COWBOY JUNKIES RIDE HIGH BLAZING INDEPENDENT TRAIL: CANADIAN BAND MEMBERS KNEW THEY HAD TO KEEP EVOLVING TO SURVIVE
Bands that make it big when they're young have a choice: They can base the rest of their career on their early hits or blaze ambitious new trails.
The Cowboy Junkies, an alt-folk and blues band from eastern Canada, chose the latter. Or maybe it wasn't a choice. Lead singer Margo Timmins said that to stay together, the band had to keep evolving.
"Our goal is to fulfill our ideas -- and we have a ton of them," she said in a phone interview this month, adding that the band is now independent and not subject to record-label control.
The scope and approach of recent CDs like the Chinese-influenced "Renmin Park" -- part of the recently completed four-CD "Nomad" series -- wouldn't have been permitted by most labels, Timmins said.
"The labels were great for us. I would never regret the years on labels -- they gave us a global audience," she said. "But it was very limiting, and by the time it ended it was the right time. Like any relationship, sometimes it's just time to go."
Those attending the Cowboy Junkies' show on Wednesday at the Napa Valley Opera House will get plenty of both old and new, said Timmins.
"We do two sets" with no opening act, Timmins said. "The first set is all the 'Nomad' series; then in the second set we do all the old stuff. It works because people settle down. They know they're going to get something old and something they know, so they're more open" to the new material.
Those attending the show can submit song requests by email (JunkieInfo@aol.com). "We're asking the audience for a lot, so we're opening up the second set to the audience," Timmins said.
The biggest day in the Cowboy Junkies' career was Nov. 27, 1987, when band founder and Margo's brother, Michael Timmins, had the group record "The Trinity Session" in a single day at Toronto's Church of the Holy Trinity.
The band gathered around a single microphone in the cavernous space, giving the album a haunting, ethereal sound. The album included a complete makeover of Lou Reed's "Sweet Jane" with transcendent vocals by Margo Timmins.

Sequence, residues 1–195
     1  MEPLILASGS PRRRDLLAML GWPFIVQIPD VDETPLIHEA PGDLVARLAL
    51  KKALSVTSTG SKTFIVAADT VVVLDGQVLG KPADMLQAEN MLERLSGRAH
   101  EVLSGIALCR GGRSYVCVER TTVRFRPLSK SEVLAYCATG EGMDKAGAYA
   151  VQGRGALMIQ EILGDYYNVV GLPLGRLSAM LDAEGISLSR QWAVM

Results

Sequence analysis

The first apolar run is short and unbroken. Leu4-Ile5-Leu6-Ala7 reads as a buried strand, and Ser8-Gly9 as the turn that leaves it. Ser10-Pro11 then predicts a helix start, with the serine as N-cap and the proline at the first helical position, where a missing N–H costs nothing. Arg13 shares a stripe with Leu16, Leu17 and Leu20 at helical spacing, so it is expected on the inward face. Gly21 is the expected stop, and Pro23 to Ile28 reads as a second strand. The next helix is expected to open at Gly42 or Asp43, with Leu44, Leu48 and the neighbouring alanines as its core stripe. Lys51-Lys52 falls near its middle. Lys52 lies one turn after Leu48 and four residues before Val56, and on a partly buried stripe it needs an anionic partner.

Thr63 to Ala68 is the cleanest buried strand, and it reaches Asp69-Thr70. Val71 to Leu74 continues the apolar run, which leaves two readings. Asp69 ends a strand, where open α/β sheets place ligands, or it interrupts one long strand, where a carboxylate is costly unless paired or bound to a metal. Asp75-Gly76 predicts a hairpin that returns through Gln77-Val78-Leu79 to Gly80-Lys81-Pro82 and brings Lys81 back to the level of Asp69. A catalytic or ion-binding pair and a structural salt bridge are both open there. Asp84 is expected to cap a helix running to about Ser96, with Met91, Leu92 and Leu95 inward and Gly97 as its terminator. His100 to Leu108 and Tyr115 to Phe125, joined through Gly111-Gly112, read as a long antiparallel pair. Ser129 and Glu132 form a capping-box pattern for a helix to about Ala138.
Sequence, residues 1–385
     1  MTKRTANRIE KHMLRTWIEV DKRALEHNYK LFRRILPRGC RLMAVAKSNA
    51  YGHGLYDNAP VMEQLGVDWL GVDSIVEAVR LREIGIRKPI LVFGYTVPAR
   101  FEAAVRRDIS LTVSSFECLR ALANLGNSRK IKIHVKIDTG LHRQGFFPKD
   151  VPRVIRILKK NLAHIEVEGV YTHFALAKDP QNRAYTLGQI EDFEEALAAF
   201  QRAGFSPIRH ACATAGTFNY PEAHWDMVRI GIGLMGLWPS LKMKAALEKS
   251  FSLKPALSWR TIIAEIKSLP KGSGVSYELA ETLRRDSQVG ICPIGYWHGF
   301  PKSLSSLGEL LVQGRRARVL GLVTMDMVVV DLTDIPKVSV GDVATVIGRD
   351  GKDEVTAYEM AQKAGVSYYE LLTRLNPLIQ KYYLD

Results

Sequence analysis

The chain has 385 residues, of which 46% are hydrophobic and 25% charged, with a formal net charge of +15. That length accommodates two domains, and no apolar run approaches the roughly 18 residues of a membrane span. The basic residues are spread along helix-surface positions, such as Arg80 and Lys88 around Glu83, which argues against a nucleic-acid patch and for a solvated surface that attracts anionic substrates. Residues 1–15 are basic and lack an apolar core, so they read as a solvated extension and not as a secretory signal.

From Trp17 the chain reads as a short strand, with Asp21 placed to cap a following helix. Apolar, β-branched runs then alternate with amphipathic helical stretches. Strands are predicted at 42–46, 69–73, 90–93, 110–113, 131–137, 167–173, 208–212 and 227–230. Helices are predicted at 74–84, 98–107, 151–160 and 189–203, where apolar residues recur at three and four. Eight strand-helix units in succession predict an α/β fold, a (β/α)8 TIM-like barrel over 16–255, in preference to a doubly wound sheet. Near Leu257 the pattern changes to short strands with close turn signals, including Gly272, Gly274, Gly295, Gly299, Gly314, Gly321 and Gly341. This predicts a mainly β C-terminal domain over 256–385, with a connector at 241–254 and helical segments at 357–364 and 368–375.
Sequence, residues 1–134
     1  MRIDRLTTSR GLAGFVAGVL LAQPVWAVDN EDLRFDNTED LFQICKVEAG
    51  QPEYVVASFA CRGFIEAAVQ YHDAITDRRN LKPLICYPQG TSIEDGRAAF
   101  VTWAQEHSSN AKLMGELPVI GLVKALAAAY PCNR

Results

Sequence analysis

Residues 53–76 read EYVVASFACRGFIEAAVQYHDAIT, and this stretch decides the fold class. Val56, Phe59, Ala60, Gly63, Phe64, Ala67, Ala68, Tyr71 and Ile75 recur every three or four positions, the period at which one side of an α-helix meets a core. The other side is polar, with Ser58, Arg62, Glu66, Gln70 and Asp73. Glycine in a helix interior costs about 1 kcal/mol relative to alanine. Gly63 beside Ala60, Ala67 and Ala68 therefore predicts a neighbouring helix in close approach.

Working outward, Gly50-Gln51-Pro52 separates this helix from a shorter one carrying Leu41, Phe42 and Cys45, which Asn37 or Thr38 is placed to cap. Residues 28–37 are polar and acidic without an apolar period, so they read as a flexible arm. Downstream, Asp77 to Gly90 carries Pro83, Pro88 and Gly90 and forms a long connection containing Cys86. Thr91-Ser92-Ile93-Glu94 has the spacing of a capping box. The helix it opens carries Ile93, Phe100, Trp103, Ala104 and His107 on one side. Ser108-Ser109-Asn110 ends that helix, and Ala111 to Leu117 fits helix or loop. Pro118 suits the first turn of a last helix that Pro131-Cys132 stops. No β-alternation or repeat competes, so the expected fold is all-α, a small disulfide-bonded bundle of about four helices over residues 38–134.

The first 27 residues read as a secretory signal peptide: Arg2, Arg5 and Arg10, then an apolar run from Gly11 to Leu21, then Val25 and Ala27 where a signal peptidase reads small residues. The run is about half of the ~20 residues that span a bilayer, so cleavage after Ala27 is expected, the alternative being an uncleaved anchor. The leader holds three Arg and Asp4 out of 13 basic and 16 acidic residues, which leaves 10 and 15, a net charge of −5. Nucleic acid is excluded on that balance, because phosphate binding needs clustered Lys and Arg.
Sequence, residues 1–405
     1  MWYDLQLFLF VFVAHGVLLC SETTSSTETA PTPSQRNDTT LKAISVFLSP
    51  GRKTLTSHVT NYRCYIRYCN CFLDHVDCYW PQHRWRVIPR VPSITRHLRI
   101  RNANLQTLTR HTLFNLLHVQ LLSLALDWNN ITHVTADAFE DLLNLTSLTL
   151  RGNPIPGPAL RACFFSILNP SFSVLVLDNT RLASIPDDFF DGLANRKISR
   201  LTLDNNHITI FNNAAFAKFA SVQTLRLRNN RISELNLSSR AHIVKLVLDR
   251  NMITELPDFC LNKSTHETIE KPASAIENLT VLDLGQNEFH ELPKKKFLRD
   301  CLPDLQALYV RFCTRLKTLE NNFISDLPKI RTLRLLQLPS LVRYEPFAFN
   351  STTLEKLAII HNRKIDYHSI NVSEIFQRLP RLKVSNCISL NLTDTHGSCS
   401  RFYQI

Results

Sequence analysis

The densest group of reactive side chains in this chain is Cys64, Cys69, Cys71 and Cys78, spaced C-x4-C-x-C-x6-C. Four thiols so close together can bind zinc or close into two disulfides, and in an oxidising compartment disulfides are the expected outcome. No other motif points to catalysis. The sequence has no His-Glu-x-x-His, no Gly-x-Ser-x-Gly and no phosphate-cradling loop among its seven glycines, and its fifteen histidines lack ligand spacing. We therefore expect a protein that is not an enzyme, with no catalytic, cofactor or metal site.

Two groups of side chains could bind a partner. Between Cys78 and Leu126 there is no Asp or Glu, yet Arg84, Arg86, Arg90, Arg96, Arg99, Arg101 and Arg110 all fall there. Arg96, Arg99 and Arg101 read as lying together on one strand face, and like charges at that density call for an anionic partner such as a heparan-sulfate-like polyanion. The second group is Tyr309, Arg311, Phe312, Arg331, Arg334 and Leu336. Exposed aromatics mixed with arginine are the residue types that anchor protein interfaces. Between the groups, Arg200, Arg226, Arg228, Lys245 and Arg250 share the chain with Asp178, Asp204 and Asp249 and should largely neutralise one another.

"The day after the recording, our mother happened to be visiting us while we listened to the playback," Michael Timmins says on the band's site. "After listening for a while she turned to us and said, 'Your lives will never be the same,' and she was right."
Twenty years later, the band recorded the CD/DVD package "Trinity Revisited" with guest artists Natalie Merchant, Vic Chesnutt and Ryan Adams.
The Cowboy Junkies' music is often bright and uplifting -- such as "Anniversary Song" -- but the band has never been afraid of the dark.
"The darker stuff is more interesting to us," Margo Timmins said. "We've always reached toward that kind of literature and music, so it makes sense for us to sing about the human conditions that aren't so easy."
Timmins was concerned about how the band's 2011 album "Demons" -- a set of covers of songs by their friend Chesnutt, who committed suicide on Christmas Day in 2009 -- would affect her.
"I thought it would really bring me down to go to this dark place all day, but then I'd drive home feeling empowered," she said. "I could never have handled that kind of material in my 30s. I could have sung it, but I don't think I could have opened my heart up as much to it.
"As I get older, I get less concerned with being scared -- maybe I've become braver. Maybe I've seen more and done more, and I'm not as messed up as I thought I was. The darkness is more interesting and it's something people need to share more, and that's what music is - sharing."
Michael Shapiro writes about entertainment for The Press Democrat. Contact him at firstname.lastname@example.org or see his site: www.michaelshapiro.net.